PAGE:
General Motors and Chrysler have been selling the same story. On February 17th, they asked Congress for another $22 billion to keep them afloat. The $9 billion President Bush gave them in December was simply chump change to keep them afloat for a couple of months until they could write a recovery plan and ask for billions more. CNN's Chris Isidore is skeptical about this expanded plan. If the federal government goes down this road, he believes it will cost "up to $130 billion to save Detroit" by the time the government is done taking care of all the manufacturers, dealers, suppliers, and needy consumers. What is the G.M./Chrysler argument for their share of this gigantic sum? They're too big to fail, of course! They produced estimates that supposedly demonstrate how much more it will cost them to go through bankruptcy and rebirth than the paltry $22 billion they're asking for now. Funny how G.M., Chrysler, and A.I.G. are so confident in these dire prognostications. Too bad they didn't have such foresight when they were dealing with their competitors and the labor unions. If they had, we could have avoided this debacle.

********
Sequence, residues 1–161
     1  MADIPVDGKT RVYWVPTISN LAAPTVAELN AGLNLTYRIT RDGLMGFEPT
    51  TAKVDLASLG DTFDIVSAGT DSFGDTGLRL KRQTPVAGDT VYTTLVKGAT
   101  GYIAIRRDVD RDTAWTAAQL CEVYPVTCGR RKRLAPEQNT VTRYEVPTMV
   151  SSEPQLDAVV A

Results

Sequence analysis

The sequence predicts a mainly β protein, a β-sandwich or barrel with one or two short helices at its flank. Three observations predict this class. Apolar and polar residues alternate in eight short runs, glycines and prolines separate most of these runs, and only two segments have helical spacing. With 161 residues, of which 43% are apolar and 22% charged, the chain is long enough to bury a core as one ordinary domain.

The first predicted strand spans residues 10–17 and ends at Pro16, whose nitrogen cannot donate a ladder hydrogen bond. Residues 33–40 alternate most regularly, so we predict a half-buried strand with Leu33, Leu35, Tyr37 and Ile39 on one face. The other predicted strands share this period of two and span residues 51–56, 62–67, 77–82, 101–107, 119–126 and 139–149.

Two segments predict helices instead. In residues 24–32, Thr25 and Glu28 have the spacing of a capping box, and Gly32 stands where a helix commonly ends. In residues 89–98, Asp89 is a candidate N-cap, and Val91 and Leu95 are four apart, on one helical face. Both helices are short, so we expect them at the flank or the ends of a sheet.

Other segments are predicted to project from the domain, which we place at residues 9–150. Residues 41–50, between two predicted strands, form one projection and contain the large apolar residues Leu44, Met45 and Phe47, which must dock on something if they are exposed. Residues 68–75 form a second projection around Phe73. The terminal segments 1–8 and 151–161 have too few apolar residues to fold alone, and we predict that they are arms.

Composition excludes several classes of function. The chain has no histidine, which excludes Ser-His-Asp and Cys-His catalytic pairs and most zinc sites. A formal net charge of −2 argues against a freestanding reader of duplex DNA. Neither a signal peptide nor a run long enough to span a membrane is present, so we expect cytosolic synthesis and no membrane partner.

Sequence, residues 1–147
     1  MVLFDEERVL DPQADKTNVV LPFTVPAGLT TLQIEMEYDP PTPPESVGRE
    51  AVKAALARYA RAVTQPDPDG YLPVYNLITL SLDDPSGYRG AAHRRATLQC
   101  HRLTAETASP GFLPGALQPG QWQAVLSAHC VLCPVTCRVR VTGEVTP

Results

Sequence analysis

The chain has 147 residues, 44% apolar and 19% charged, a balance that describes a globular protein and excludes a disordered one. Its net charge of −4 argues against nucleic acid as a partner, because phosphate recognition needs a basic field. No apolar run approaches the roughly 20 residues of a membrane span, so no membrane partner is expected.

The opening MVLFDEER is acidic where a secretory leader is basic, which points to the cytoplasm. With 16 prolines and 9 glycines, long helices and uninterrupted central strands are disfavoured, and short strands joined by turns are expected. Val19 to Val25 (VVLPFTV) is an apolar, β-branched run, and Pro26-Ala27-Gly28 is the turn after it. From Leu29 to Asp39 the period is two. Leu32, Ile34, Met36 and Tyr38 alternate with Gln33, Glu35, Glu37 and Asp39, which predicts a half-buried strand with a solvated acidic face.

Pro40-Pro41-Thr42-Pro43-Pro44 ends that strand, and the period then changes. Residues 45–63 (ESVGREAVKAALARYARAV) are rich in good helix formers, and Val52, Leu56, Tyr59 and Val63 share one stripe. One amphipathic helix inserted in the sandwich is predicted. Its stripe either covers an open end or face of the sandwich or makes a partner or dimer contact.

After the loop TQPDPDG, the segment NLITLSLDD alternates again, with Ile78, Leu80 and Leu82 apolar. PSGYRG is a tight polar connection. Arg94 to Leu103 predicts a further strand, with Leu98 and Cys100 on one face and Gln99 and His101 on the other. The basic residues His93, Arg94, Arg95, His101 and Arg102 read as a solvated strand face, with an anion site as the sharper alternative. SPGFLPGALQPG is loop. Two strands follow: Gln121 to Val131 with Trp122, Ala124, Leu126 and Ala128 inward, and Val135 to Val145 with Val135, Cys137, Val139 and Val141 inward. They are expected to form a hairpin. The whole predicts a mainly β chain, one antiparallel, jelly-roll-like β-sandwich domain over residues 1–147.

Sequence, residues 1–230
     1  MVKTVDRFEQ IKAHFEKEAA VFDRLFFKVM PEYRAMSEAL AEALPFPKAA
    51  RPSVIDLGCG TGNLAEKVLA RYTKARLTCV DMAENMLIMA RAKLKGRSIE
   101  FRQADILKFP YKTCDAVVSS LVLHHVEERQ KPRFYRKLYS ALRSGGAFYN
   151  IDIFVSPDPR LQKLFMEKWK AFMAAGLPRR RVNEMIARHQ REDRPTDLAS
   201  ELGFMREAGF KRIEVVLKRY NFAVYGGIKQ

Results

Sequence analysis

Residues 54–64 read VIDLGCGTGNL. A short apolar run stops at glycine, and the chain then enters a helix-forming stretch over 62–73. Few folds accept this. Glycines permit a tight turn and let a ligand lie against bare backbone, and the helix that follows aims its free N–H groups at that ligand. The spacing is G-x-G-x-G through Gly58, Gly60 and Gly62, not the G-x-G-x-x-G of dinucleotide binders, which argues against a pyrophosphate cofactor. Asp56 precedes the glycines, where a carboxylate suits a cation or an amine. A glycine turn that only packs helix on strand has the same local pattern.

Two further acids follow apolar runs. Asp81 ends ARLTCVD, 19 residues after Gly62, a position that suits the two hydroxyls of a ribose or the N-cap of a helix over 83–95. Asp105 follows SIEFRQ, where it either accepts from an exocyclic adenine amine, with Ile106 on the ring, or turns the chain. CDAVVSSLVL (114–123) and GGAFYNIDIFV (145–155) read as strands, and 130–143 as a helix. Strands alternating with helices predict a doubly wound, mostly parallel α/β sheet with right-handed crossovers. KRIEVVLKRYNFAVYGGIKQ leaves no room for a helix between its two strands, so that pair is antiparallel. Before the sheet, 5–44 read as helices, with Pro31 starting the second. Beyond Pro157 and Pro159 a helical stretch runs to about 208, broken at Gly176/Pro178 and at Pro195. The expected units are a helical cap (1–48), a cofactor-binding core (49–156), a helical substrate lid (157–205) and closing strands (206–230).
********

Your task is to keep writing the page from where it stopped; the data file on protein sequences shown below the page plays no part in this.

Truth be told, no one really knows what will happen if these companies fail. Quite likely, their failure will have an adverse impact on the economy, and more jobs will be lost, and more companies will fail. But it looks like this is going to happen whether or not we spend the combined income of the next several generations. If we cut off these companies now, at least their death will be swift. Then healthy companies and responsible Americans can cut their losses and move on. Why waste the money of responsible Americans on companies that come back for more and more? Let the successful, responsible Americans keep their money and continue to use it wisely — who knows what great things they might achieve if they are allowed to keep their own money? They can provide jobs and build profitable enterprises with the money that is currently being funneled through inefficient government to failing companies.